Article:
For the most part, I found this movie alright...and being that I absolutely adore Guy Pearce's acting...it wasn't hard to keep watching. There was just something about this film that really caught me off guard. One of those movies that slide under the radar..and take a long time to unravel the plot at hand. Once again, subjective...but it might make you wonder yourself...not about fortune tellers or first snows...but about 'fate' and what it has to do with humanity, itself.
[font=Century Gothic]"First Snow" begins promisingly enough but does nothing new with a plot that has been around since Ancient Greece.(While none of us can escape our fate, we can however make life interesting in the interregnum.) Basically, there is less substance(pretty much all red herrings) than the average episode of "The Twilight Zone," which it sort of resembles, especially concerning the supporting characters and a central conflict that comes out of left field. What it desperately needed was a kicker to give the movie desperately needed irony. It is a shame because the movie wastes some nice photography and a good cast notably J.K. Simmons who perfectly conveys the pain of how his character has been cursed, not blessed. [/font]
Date Night: No
Art Factor: Medium
Fun Factor: Low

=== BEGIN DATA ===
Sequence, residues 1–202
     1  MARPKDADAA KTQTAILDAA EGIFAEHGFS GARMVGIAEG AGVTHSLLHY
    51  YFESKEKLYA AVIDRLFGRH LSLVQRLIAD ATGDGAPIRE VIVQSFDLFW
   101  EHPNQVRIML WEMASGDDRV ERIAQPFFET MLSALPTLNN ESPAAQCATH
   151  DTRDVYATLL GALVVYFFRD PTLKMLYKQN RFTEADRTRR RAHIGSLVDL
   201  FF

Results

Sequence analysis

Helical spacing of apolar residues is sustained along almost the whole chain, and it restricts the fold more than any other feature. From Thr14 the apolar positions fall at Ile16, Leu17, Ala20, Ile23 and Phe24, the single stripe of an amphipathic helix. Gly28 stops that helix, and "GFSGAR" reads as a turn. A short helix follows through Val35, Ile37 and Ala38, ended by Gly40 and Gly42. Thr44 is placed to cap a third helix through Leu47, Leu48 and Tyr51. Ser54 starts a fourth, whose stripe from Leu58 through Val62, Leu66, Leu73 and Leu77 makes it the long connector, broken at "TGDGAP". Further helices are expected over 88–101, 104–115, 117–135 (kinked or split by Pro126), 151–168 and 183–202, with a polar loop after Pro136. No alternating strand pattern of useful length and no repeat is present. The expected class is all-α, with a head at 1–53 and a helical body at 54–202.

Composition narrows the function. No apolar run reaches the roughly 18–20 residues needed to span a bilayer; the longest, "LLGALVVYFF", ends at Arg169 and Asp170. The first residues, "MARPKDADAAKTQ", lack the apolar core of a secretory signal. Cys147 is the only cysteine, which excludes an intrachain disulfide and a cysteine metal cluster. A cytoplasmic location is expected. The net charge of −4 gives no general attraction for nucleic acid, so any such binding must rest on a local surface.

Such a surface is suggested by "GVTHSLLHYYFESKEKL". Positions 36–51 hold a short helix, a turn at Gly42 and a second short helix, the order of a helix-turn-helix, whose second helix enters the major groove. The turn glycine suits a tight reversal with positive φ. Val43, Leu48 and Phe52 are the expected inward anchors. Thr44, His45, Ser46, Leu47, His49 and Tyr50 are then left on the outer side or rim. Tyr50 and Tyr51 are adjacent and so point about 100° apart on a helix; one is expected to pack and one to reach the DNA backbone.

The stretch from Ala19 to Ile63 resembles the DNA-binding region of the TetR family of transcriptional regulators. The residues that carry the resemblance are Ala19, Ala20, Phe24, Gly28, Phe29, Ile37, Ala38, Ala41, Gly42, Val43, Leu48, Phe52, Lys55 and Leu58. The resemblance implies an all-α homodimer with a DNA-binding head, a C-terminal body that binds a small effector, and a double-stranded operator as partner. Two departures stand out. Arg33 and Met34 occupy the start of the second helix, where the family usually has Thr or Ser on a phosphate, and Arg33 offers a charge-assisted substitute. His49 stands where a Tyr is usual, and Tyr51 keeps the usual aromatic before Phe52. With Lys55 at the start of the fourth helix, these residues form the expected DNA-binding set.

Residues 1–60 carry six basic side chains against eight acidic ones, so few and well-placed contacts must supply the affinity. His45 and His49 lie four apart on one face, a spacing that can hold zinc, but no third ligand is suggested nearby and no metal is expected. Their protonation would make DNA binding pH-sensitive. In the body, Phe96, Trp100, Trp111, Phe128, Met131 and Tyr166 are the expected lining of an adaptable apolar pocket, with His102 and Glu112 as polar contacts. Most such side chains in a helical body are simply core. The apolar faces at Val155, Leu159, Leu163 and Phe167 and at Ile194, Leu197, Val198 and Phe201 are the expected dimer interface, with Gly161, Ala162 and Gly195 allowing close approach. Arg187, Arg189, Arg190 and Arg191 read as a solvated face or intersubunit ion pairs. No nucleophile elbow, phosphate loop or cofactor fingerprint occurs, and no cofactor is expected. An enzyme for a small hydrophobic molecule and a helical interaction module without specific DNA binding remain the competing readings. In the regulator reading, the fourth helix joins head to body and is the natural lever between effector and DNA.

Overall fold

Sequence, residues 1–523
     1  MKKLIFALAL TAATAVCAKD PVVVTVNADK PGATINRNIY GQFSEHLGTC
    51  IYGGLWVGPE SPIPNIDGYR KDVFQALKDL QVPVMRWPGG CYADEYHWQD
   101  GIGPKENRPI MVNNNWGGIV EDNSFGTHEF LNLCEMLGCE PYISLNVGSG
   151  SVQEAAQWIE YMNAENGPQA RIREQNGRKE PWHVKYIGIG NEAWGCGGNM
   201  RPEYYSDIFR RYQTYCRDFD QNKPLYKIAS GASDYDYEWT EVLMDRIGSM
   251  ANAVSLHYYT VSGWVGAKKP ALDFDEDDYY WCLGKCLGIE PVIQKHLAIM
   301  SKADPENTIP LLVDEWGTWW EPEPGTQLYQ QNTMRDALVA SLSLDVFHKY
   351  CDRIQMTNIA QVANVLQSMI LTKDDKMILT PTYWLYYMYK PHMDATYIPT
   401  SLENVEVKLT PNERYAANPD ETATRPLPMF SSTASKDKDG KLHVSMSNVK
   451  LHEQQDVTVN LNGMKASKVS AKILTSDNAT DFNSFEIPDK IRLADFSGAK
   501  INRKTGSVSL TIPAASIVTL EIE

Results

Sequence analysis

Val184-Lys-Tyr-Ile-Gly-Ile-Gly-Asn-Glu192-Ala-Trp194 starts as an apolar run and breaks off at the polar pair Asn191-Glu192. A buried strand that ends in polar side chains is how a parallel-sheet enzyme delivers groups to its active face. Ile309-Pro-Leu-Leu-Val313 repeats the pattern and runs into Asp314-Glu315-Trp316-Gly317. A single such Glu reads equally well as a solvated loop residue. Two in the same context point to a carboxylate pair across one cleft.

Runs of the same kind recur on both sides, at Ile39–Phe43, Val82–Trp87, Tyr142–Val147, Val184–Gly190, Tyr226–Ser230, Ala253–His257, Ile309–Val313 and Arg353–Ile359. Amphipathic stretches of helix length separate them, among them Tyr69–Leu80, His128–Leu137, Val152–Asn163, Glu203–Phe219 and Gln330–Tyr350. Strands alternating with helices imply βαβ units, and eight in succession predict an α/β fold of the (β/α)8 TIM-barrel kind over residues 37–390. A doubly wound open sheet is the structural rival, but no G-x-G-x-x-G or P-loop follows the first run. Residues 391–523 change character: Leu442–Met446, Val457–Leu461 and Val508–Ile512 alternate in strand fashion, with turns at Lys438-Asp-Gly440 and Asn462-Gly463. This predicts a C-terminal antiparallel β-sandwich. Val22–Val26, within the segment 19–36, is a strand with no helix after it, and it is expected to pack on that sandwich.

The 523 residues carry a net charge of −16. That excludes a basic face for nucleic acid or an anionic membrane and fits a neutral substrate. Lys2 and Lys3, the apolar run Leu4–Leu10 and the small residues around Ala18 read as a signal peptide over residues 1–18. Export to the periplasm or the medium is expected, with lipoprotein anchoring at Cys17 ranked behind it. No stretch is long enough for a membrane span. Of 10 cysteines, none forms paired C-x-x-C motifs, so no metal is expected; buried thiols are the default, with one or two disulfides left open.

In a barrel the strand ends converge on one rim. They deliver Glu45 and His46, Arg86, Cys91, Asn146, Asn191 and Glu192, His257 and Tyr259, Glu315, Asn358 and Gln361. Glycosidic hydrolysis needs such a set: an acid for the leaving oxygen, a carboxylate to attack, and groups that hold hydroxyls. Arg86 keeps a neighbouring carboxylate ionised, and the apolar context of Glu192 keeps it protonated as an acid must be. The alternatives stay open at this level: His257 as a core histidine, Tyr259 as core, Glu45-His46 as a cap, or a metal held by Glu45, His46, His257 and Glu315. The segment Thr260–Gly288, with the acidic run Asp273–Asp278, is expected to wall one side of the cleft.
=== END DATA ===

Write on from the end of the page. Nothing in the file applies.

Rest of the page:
Emotional Factor: Low
Intelligence Required: Medium
Essential Viewing: No
Is it just me, or does Guy Pierce work harder at getting himself into orginal scripts than any other top shelf actor in the business? This guy could be making all kinds of filler movies for paychecks in my opinion but instead we get lots of great performances in smaller films that recieve hardly any press and turn out to be better than expected. This thought process holds true in First Snow. A film about a guy who learns more than most would want to, Pierce is the star here in every sense. The script isn't quiet as good as the premise, but it is still better than most. Director Mark Fergus shows some talent with the lens, but needs to work on pacing just a wee bit. The supporting cast was expectedly good in some places (J.K. Simmons) and suprisingly good in others (Piper Perabo). With a bit of that pacing issue worked out this could have easily scored higher with me. If you get sick of the same old formulas for flicks I highly recommend you check this one out. No, it won't blow your hair back, but it will keep your eyes open for what's around the corner. One of the better "one man's obession" flicks I have seen in a while. And once again, support Guy Pierce. We need more great actors like this one.
Guy Pearce needs more work. He?s brilliant. Why isn?t he as popular as Russell Crowe? He?s what this movie needs because everything else is so subtle. Even the resolution is easy to miss. And I don?t think that is the way to get a movie, plot or points of emphasis noticed by people. And that?s why I tuned out so often with this movie. It?s not a new concept, and not told in a unique way, so the subtle scenes just tended to lose me.